Published on February 21st, 2011
Advances in EDA technology revolutionized the way ICs were developed in the 80s. By separating "what an IC does" from its physical layout, developers were able to focus on each task separately. This changed not only engineering, but also the business of chip development, as many companies took advantage of the opportunity to concentrate their engineering work on the product features that added the most value in the market, and let an ASIC partner handle the physical design and manufacturing.
This division of work along ASIC toolset lines was convenient for its time, but today's semiconductor companies require greater efficiency. Look outside the semiconductor industry and you will see many companies in today's global economy developing their complex systems in a new way, with design visionary companies partnered with subsystem experts and uniquely skilled system integrators. Whether we are talking about iPads or airplanes or TVs, the model is the same.
In this new model, companies look to flexible design partners to collaborate on getting the product roadmap built. Just as the semiconductor industry trend toward foundry-based manufacturing was called fab-lite, this trend toward collaborative engineering can be called design-lite.
Once the trend is clear, the next step is to decide what part of chip design adds the most value, and enables strong profit margins. That becomes the core engineering focus for a product company, and the rest can be shared with an engineering partner to complete.
But which characteristics, you ask? Open-Silicon has been discussing this with industry leaders for the greater part of a year now, and patterns have become clear. Not all markets are the same, of course, nor are development methodologies and organizations created equal. Yet there seems to be widespread agreement that most of physical design can be handled with satisfactory facility by dedicated physical design shops who are seeing many advanced designs per year.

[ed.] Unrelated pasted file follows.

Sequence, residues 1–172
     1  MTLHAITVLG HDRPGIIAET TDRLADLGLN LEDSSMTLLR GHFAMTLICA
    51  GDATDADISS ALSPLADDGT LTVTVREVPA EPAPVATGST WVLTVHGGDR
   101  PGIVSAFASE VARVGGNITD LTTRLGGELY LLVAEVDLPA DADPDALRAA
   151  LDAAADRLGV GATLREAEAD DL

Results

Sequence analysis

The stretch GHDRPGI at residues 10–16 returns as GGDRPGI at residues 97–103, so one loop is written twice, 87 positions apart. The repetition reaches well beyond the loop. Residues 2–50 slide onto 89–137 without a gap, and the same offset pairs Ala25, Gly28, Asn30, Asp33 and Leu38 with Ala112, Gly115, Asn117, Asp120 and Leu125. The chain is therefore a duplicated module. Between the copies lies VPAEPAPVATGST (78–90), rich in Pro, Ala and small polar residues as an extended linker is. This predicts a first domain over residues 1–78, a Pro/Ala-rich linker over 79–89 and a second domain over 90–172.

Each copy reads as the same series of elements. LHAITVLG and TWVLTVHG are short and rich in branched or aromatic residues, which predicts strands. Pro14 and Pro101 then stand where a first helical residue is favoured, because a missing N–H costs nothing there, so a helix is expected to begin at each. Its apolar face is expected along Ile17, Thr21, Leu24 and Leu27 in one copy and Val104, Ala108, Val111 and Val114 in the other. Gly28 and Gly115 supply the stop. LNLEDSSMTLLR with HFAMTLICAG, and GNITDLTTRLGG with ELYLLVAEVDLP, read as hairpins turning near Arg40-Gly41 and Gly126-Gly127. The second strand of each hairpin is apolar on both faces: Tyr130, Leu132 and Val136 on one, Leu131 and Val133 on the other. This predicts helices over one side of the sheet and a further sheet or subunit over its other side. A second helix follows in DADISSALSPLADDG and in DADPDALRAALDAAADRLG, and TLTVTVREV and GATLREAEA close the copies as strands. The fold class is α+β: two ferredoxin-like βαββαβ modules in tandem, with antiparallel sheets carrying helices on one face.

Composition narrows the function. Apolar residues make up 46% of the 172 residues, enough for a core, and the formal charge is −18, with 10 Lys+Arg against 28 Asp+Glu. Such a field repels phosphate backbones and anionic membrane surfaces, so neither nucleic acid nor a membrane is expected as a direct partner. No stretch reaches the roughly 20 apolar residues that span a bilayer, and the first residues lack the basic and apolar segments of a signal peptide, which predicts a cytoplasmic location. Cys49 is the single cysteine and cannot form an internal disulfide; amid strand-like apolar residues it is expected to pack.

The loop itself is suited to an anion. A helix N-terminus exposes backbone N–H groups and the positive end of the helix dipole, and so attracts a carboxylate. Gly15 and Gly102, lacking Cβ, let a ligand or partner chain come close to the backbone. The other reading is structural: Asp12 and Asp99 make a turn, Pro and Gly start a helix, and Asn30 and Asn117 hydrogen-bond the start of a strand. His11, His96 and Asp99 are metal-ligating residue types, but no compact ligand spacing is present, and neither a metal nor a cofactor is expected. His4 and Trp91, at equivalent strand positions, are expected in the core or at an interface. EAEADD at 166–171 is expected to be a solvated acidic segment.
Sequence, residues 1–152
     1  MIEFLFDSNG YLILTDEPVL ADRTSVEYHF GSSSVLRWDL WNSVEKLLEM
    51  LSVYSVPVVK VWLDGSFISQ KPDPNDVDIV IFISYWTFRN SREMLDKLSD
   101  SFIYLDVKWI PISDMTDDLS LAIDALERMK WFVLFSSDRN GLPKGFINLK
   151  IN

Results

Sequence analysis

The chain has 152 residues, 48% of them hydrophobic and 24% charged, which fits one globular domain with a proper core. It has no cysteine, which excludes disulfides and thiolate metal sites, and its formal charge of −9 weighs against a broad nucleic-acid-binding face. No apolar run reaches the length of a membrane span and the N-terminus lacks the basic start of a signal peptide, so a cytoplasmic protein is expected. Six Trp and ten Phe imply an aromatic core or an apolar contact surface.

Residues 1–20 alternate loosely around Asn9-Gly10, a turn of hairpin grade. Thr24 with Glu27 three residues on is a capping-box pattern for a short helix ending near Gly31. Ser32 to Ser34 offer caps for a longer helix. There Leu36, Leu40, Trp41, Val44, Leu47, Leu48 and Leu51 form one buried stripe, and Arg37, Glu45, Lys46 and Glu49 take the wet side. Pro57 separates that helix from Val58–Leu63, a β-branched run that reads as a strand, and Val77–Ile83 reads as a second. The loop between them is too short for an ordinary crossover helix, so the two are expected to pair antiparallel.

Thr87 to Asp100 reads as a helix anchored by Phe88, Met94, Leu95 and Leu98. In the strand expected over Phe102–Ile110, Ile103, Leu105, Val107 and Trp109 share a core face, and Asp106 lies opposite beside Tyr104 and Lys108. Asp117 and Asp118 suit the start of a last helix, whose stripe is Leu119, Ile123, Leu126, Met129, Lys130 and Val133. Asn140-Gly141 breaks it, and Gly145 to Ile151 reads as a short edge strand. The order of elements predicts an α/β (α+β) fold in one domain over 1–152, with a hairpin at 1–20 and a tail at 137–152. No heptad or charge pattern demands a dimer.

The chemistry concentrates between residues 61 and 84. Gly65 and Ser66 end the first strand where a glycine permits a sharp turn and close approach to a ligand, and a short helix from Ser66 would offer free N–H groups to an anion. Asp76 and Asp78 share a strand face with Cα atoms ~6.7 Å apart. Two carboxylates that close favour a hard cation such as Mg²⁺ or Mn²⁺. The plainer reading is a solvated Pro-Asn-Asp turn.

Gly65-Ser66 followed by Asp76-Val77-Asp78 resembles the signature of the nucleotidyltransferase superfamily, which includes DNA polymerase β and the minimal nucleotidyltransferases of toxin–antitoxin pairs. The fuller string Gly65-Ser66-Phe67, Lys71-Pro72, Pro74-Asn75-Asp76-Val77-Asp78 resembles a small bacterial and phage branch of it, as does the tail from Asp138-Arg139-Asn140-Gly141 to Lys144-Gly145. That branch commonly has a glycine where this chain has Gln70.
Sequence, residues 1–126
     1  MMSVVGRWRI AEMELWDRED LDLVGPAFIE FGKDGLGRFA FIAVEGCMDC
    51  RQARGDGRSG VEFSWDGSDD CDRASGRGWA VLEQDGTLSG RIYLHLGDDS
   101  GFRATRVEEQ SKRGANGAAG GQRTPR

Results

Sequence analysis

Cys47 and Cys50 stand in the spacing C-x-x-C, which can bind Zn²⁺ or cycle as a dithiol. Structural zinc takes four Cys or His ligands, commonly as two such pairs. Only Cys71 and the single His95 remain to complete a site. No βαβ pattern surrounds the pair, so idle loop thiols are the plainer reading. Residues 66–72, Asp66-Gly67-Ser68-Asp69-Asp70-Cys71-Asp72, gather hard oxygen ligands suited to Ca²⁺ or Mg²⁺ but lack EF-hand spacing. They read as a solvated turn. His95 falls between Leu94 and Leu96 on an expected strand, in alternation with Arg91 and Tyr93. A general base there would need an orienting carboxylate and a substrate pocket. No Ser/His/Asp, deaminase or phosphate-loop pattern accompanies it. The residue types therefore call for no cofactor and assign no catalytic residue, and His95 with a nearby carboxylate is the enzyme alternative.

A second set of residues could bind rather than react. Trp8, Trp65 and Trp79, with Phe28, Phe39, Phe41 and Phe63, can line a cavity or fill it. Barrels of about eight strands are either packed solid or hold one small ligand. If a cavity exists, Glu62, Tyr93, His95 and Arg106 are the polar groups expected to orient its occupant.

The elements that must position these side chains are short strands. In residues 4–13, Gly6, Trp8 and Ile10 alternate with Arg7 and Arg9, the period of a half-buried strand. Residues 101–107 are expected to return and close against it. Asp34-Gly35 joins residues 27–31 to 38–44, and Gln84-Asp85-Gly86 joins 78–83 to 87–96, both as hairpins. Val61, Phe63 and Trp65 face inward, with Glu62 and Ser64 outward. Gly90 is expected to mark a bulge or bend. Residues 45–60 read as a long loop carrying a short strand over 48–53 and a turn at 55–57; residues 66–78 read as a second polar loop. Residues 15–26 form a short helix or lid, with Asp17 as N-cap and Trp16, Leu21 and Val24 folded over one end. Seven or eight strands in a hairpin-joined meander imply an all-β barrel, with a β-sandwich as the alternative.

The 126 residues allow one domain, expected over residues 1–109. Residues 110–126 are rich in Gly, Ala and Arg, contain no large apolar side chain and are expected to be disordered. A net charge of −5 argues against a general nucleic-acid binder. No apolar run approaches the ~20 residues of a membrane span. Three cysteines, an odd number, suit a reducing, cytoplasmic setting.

Stepping back a level, most also agree that manually adding in their own IO ring, or integrating standard interfaces, or verifying their AXI bus exhaustively, or negotiating their own PLL IP licensing agreement won't double product margins. Important, yes, but if your engineering partner does 10 PCI Express integrations a year, and can do yours, why not use your own team to work on something that would differentiate and add more value?
Some splits are possible along other lines too. Derivatives are at one end of the spectrum, where the handoff is last year's design along with the vision for how to update that design for today's market. Maybe DDR2 is now DDR3, USB2.0 is now USB3.0, and the new design moves down the technology curve to shed power and cost. And maybe there are potential customers who are out there saying they will use the chip if it only had a new feature. Instead of creating a completely new chip, the product company can design the new feature as an internal IP core and send it, along with the old chip, to their partner for productization. Other categories include respins for bug fixes, software drivers, and evaluation board design.
Furthermore, like all "subsystem experts" these engineering partners will have their own areas of focus. Open-Silicon, for example, has a specialization in making processors run fast. If having faster processors enables a market niche, or expands the target market for a derivative, so much the better.
The market potential of expanding a company's product development capability is tremendous. While the collaboration may look different from program to program, and over time, the results are significant and will drive new thinking into the product planning process. When a company has breakthrough technology they need to maximize their return on investment. Pick the key products to develop in-house, leverage a partner for a few more, and carve out some of the internal team to make the next breakthrough. It is a better model.
Colin Baldwin is Open-Silicon's Director of Marketing and Business Development. He has 15 years of ASIC design and sales experience with Texas Instruments, Arrow Electronics, and Open-Silicon. Currently he is focused on marketing and business development activities for Open-Silicon. Mr. Baldwin received both BEE and MSEE degrees from Georgia Tech.